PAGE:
Known for her work on daytime television and her New York Times bestselling book, Victoria Rowell has brought her talents to the stage in the aptly titled "Page To Stage." The production, which is scheduled for one night at New York's Symphony Stage on November 18, is the venue's first "concert of words," in which books will be the "symphonic" foundation for an evening of performances and conversation.
The former star of "The Young and The Restless" recently explained to HuffPost Black Voices how the production, five years in the making, has evolved into a groundbreaking multimedia production.
"'Page to Stage' is a brainchild that has been brought to fruition by the indefatigable Marva Allen, who manages and is the executive at Hue-Man Books, one of only six African-American-run bookstores left in the nation," she explained. "We will see a melding of stories. They will be woven together, and each will be a pearl on the string of telling a full story that particular evening. Each person's tale will dovetail to the next."
Rowell and Allen have recruited legendary filmmaker Melvin Van Peebles, writer and comedian Paul Mooney, NY1 anchor Cheryl Wills, political analyst Keli Goff, "The Cheetah Girls" creator Deborah Gregory and "Precious" producer Lisa Cortes, who will moderate the panel.
"The stories stand alone," Rowell declared. "They're proven because they're there to testify, number one. And number two, the people have spoken, because they've purchased the books and they've supported us in our unique arenas ... Each of us has a story to tell on all the business aspects of what may have been a success, but certainly we have an experience to share. So if anything, we are thrilled collectively to be able to have a platform from which to share our wisdom and hopefully lift up budding writers or experienced writers in going that next mile."
The event will be the first in a series that will constitute a part of Allen and Rowell's "Get on the Bus" road tour, which will bring stories to audiences across the nation. The pair has already received confirmation from Golden Globe nominee Blair Underwood that she will participate in the subsequent two-week national bus tour. Proceeds from the production will go to the Melvin Van Peebles Foundation's efforts to promote literacy.
"We're trying to raise this money so we can hit the road and teach these kids to read throughout the country," says Paul Mooney. "I'm pushing my book 'Black Is the New White,' which was on the bestseller list in New York. But we want these kids to read!"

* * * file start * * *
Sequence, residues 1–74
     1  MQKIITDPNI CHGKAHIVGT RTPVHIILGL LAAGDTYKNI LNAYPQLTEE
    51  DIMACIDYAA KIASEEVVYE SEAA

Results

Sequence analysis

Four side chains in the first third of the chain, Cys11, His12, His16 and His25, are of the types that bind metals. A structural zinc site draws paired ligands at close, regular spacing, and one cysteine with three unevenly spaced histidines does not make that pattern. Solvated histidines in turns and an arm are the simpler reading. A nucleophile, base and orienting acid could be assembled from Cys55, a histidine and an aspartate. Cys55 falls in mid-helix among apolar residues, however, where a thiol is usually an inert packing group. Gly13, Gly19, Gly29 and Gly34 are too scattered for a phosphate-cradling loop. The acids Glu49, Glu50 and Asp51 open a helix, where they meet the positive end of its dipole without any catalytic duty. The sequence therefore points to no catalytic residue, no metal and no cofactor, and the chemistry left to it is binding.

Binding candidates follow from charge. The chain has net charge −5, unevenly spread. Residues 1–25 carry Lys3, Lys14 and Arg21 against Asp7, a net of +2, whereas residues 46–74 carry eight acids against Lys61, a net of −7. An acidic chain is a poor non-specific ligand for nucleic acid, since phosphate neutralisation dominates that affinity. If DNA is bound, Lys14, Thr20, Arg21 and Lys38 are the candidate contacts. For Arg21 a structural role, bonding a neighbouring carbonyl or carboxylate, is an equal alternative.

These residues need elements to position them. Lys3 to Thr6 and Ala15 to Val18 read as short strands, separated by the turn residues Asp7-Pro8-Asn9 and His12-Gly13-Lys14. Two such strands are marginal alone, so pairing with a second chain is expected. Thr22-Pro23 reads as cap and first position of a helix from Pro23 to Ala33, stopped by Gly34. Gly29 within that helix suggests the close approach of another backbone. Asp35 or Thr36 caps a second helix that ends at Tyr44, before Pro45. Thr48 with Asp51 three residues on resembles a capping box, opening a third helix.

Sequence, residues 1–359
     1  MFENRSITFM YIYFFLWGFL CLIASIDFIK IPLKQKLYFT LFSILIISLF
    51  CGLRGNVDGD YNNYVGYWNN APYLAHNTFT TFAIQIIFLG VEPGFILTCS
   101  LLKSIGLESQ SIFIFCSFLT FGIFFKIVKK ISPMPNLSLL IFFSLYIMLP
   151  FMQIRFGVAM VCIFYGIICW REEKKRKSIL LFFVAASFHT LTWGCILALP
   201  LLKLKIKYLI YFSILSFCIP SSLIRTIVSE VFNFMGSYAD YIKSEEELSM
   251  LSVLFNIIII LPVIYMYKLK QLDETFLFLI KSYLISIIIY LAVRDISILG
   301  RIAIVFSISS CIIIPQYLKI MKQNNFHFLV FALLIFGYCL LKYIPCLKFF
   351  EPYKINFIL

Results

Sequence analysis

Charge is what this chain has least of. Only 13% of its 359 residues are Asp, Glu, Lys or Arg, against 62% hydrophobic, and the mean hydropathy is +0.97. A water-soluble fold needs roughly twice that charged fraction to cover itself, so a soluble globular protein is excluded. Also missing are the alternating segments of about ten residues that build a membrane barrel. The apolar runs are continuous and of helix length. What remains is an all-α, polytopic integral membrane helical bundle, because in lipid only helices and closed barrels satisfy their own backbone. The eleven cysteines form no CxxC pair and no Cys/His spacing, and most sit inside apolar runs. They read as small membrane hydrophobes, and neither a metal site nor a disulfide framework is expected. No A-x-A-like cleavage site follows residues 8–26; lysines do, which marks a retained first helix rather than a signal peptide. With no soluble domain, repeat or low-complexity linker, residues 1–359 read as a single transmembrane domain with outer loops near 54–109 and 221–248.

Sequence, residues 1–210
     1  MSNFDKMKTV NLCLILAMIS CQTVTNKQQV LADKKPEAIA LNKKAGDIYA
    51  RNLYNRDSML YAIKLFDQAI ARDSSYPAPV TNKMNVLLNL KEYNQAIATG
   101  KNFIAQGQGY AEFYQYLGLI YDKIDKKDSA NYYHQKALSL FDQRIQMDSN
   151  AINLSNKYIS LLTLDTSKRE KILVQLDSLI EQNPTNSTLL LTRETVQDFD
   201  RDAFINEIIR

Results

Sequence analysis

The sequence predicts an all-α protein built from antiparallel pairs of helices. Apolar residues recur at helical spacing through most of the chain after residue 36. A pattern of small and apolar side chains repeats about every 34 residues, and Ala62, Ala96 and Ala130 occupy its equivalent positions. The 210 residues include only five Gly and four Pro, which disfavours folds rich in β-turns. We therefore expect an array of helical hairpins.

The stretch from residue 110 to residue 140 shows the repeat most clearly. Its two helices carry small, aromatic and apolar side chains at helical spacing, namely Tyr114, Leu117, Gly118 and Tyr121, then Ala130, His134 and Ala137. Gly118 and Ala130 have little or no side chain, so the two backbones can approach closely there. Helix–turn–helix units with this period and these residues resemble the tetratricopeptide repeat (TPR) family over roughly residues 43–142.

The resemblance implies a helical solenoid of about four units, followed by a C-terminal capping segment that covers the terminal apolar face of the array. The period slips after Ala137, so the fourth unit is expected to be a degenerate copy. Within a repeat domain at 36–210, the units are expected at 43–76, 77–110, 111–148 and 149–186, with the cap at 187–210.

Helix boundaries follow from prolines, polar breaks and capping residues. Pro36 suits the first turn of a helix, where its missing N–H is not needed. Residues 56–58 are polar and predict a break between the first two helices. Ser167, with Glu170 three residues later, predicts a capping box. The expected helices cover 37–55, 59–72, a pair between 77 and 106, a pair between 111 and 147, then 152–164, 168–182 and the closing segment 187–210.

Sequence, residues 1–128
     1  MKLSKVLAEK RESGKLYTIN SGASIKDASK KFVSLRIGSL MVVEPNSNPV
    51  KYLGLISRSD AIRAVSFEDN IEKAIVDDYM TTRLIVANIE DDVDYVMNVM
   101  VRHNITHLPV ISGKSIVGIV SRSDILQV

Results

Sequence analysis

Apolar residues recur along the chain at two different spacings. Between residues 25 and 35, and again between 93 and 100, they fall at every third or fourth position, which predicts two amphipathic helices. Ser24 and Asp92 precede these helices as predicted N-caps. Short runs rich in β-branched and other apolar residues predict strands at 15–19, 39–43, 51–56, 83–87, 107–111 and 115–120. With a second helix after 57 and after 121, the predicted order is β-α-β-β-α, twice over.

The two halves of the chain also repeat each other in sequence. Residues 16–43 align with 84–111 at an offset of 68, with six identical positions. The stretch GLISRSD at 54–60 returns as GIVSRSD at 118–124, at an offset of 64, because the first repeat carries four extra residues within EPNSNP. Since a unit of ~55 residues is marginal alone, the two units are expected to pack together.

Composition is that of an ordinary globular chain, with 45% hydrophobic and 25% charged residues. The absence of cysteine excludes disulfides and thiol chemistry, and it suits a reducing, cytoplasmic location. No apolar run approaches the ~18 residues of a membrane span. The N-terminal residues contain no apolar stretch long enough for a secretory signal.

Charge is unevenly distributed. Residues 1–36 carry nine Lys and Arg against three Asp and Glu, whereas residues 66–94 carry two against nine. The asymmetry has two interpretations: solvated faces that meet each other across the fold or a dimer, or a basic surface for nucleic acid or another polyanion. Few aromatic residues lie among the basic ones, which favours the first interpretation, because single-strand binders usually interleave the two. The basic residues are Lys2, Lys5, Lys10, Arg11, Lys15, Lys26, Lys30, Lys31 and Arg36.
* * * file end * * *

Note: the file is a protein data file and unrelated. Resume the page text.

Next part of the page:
The twice-married mother of two was initially inspired to do a national tour while promoting her debut memoir, "The Women Who Raised Me." When her editor refused to let Rowell do a bus tour into rural areas around the country, Rowell persuaded her publisher to advertise the book on 120 buses in New York City.
"You shouldn't have to be John Grisham to get an advertisement on the side of the bus," she said. "I wanted the buses to be in all boroughs and advocate for literacy. And especially for children to see a brown person on the side of a bus who is promoting literacy. And so now we go the next step and take the page to the stage. And Marva Allen and myself hope this will be a precursor to leap from the stage to the bus tour."
While she is working on her follow-up memoir (working title, "Back In The Bubble") and getting ready for the March 2012 publication of her children's book, "Tagged, Toss, Capture, and Run," Rowell is also determined to increase diversity on daytime television. The actress' performance as Drucilla Winters on "The Young and The Restless" earned her 11 NAACP Image Awards and three Daytime Emmy Award nominations, but her ambitions are to do more than win the accolades or return to the show: She wants networks to allocate more resources and revenue to hiring more African-American writers, directors and producers.
Rowell told HuffPost, "'The Young and The Restless' is a billion-dollar show, and all that I asked for was to close the disparity. I've worked very hard on a (contract for a) black hair stylist that was qualified." Rowell says that her campaign has also led to the hiring of Susan Dansby, the first African-American writer for the show, and of Albert Alarr, its first African-American director.
"This is more than votes and characters," Rowell says.
She added that the only way to achieve further change is through a boycott of the long-running show. "I really, really care about diversity ... So until African Americans pull together and say, 'No more, we won't watch the show,' we're not going to see the change, because it has to be a financial message."